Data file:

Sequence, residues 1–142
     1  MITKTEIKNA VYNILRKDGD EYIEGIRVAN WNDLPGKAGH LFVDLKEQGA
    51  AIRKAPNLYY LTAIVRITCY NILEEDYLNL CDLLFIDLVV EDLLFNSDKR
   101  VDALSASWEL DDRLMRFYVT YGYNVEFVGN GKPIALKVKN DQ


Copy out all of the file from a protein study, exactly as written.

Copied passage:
Sequence, residues 1–142
     1  MITKTEIKNA VYNILRKDGD EYIEGIRVAN WNDLPGKAGH LFVDLKEQGA
    51  AIRKAPNLYY LTAIVRITCY NILEEDYLNL CDLLFIDLVV EDLLFNSDKR
   101  VDALSASWEL DDRLMRFYVT YGYNVEFVGN GKPIALKVKN DQ